Candidates allege that election officials screwed up and now voters are paying the price
Written by Tom Knighton
It would be easy to say that Ward II was a mess, but candidate Melissa Strother and former candidate Cheryl Calhoun might take exception to the use of the past tense. In their minds, it’s still very much messed up, and the only solution is a runoff between declared winner Ivey Hines and Strother.
“We want your voices to be heard, and that hasn’t happened in this election,” Strother told reporters Monday outside of the Government Center. The contention stems from election officials’ decision to throw out 259 votes cast for Calhoun, some of which were cast prior to her disqualification from the race due to an issue with residency.
The story first begins in August, when Calhoun attempted to qualify in the Ward I race to challenge commissioner John Howard. She reports that election supervisor Ginger Nickerson told her that she didn’t reside in Ward I, but Ward II and would need to qualify during the special election qualifying period for the seat Dorothy Hubbard vacated in her bid to be Albany’s next mayor.
Calhoun and her husband Randall say they argued the point, even showing Nickerson on a map that they did indeed live in Ward I. Nickerson held her ground, and eventually Calhoun relented and eventually qualified for the Ward II race.
Several weeks ago, the Journal reported that was in fact a Ward I resident. A meeting of the Election Board was held and Calhoun was disqualified.
Election officials claimed that it was too late to change the electronic ballot and proceeded along with the election. Election night, early numbers showed Strother with a clear lead, when suddenly things changed. By the time the votes were all counted, Calhoun had garnered 259 votes. The decision was made to throw out all of Calhoun’s votes. “I was blindsided when they said they were going to throw her votes away,” said Strother.
Strother could have just shrugged and walked away, but there were factors at play that made her decide to dig in and fight.
In a 2,400 word report distributed to reporters at Monday’s press conference, there were many allegations made to what are described as “irregularities” in the voting process. One allegation, which the Journal also received from Ward II voters, regarded signs. According to state law, signs must be place prominently to inform voters that a candidate is no longer a valid selection. However, voters in one precinct report that the sign regarding Calhoun was located on an exit door. In another precinct, the sign was reportedly placed on a bulletin board full of papers having nothing to do with the election.
Ward II voter Robin Goodson says she didn’t see anything at her precinct. “I did not see anything saying she was not a candidate. The room you vote in at the church on Palmyra is a very small room and I don’t see how I could have missed it,” she said.
Still other allegations stem from an unusual number of absentee votes cast at Jackson Heights precinct. The report states that Hines received a staggering 102 votes by absentee ballot, 62 of them mailed in, at Jackson Heights. These are far fewer than the total he received at Palmyra Road Methodist Church (17), Phoebe Educational Building (7), or at Albany Middle School (14). In fact, the totals of all absentee votes at these three (39) are far fewer than the absentee ballots filed in person at Jackson Heights.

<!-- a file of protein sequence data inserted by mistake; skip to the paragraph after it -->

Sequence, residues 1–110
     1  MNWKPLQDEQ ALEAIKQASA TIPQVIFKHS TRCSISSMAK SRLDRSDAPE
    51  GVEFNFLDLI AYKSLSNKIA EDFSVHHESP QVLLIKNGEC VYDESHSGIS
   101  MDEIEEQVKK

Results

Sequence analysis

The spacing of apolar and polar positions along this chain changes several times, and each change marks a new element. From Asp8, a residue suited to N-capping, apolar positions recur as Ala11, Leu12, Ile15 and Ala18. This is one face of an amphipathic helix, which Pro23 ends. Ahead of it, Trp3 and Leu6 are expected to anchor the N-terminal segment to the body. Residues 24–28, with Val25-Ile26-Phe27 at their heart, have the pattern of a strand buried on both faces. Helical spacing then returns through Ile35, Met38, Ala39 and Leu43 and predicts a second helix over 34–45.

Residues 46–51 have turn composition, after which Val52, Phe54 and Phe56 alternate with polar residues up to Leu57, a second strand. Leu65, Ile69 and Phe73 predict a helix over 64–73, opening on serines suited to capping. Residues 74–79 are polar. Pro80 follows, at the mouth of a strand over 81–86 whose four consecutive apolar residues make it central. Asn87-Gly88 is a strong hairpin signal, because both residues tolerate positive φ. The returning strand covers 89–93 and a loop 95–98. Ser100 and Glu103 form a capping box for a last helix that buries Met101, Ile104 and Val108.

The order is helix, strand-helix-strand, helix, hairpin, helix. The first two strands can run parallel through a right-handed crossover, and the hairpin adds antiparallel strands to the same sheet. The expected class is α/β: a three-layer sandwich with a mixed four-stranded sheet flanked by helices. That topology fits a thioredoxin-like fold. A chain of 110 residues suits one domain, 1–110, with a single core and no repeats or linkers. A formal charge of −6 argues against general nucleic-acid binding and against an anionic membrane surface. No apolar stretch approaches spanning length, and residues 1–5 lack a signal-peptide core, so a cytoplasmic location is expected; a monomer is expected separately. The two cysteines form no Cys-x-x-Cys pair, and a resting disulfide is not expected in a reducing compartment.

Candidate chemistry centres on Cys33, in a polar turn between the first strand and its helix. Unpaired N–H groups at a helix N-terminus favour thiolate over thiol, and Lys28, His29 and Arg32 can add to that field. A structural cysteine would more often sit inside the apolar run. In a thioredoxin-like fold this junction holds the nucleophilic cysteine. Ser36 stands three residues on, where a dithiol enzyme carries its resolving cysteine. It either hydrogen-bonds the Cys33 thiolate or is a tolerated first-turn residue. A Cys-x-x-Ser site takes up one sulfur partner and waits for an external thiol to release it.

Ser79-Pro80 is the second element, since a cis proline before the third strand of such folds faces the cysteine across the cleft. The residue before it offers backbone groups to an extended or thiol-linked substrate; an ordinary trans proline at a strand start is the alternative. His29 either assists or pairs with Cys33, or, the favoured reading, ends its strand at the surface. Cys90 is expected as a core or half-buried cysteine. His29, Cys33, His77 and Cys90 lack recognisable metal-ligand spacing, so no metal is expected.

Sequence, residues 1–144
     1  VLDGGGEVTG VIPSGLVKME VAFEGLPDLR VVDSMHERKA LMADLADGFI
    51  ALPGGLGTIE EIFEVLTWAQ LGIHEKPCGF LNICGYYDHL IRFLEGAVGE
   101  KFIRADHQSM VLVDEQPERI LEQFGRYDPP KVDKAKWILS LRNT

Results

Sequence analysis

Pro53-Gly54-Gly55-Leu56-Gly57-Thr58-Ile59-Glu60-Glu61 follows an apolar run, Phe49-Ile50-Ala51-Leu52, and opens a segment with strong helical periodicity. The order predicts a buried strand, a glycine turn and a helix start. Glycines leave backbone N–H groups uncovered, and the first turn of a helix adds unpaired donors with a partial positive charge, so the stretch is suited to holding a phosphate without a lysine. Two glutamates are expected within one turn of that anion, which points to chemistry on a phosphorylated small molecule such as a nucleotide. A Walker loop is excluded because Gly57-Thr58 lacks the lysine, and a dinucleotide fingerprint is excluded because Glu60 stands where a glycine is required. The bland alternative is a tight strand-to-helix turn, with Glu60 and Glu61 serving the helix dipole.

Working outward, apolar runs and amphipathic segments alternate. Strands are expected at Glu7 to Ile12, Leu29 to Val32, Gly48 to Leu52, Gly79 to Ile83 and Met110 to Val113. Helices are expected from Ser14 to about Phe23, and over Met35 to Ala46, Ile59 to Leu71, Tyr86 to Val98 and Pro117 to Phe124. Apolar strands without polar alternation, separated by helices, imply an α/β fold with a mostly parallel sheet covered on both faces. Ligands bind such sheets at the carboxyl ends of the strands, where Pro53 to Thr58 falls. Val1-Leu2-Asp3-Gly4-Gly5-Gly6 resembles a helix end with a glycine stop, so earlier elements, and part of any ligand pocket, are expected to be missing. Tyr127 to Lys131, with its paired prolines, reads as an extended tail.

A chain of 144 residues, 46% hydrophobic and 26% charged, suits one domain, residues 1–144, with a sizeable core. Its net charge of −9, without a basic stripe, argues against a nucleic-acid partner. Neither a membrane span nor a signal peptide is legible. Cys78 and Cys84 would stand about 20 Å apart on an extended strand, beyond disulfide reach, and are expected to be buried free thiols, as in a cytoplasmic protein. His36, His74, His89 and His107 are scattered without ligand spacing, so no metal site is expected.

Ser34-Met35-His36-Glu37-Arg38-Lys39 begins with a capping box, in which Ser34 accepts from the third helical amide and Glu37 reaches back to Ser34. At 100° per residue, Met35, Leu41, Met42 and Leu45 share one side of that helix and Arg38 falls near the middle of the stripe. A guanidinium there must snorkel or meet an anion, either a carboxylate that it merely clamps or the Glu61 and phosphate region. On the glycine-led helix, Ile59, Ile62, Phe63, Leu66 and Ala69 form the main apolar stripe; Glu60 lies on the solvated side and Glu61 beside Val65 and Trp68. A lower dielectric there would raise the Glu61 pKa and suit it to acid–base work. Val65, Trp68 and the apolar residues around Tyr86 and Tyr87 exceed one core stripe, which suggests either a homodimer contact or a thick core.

The percentage of votes by absentee ballot is also rather lopsided. Palmyra Road Methodist Church totaled just 3.8 percent, Phoebe Educational Building totaled 3.31 percent, and Albany Middle School totaled 4.04 percent of their votes coming from absentee ballots. Compare that to Jackson Heights 7.93 percent.
So what can be done to make this right? As far as Strother and Calhoun are concerned, a runoff between Strother and Hines is the only option. “You can’t just throw away 259 people’s votes,” Calhoun said. “It’s not her fault,” Calhoun went on to say. “They took our rights away.”
“I’m asking for a runoff,” Strother said. When reporters asked about Calhoun’s place in Strother’s challenge, Strother replied, “Cheryl’s backing me.”
“1 million percent,” Calhoun followed up.
Calhoun and Strother weren’t the only ones taking issue with the race. Also at the press conference was Ward II resident Johnny L. “Rabbitman” Williams, who had harsh words for the Elections Board. “Something’s wrong with the officials running this election.”
Williams also attests that he didn’t see a sign regarding Calhoun no longer being a valid candidate. When a reporter asked him when he first learned Calhoun had been disqualified, Williams responded “I learned it from reading the Herald, the next day.”
“These people are constantly making mistakes,” Williams said. He too asked for a runoff election to settle the matter. “I’m questioning the Civil Rights Act,” Williams said about votes being discounted.
Calhoun believes that there were more mistakes in this election than just the Ward I race. “Even Ward I wasn’t fair because I wanted to run. I deserve a chance to run,” she said.
Also at play in the report are the 55 votes cast for Calhoun prior to her disqualification. While it is uncertain who those voters would have backed, the fact remains that they voted for a valid candidate for the Ward II race at the time, only to have their votes be thrown out without cause.
Strother and Calhoun will meet again at the Government Center on Wednesday at 4:00 pm. The Albany Journal will be there as well. Look for details on our website (http://thealbanyjournal.com) to find out more.
Former Ward II candidate Cheryl Calhoun stands behind one-time opponent Melissa Strother as a show of support as Strother speaks with reporter outside the Government Center to outline problems with the election process.